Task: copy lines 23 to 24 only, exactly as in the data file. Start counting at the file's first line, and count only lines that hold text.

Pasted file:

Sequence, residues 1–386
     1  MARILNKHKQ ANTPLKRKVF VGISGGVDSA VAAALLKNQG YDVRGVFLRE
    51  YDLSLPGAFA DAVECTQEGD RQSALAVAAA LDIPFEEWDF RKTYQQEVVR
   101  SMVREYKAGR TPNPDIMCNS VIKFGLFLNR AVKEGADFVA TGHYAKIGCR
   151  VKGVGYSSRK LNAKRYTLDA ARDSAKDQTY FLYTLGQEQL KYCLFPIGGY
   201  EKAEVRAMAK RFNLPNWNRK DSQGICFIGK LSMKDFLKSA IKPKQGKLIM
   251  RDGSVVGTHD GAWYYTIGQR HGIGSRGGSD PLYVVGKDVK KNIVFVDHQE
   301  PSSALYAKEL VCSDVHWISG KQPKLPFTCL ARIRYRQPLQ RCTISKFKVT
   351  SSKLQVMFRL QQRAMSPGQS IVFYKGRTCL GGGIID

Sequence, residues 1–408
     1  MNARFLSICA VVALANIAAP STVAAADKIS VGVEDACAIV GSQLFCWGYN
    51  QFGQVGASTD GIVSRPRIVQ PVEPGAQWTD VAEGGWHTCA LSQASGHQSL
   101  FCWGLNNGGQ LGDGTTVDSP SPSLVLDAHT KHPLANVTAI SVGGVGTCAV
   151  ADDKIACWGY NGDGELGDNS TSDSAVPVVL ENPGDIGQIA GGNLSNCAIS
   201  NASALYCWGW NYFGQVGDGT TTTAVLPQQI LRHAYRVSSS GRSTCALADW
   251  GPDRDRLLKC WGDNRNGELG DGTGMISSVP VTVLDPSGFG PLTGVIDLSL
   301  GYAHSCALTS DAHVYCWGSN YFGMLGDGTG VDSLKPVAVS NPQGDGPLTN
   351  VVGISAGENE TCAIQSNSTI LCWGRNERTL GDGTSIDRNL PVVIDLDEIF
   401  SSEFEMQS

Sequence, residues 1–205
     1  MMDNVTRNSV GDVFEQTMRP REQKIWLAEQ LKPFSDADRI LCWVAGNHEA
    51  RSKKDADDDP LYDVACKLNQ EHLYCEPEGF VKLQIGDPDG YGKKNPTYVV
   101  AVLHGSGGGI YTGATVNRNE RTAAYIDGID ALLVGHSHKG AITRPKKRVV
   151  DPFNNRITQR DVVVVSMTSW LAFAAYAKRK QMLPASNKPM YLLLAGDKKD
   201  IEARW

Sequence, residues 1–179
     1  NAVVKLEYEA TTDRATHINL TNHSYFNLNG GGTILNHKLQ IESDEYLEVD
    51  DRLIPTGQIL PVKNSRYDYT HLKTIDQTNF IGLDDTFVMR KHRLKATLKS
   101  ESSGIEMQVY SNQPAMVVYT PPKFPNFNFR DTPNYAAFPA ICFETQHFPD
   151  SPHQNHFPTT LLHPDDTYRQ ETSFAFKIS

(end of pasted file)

   101  AVLHGSGGGI YTGATVNRNE RTAAYIDGID ALLVGHSHKG AITRPKKRVV
   151  DPFNNRITQR DVVVVSMTSW LAFAAYAKRK QMLPASNKPM YLLLAGDKKD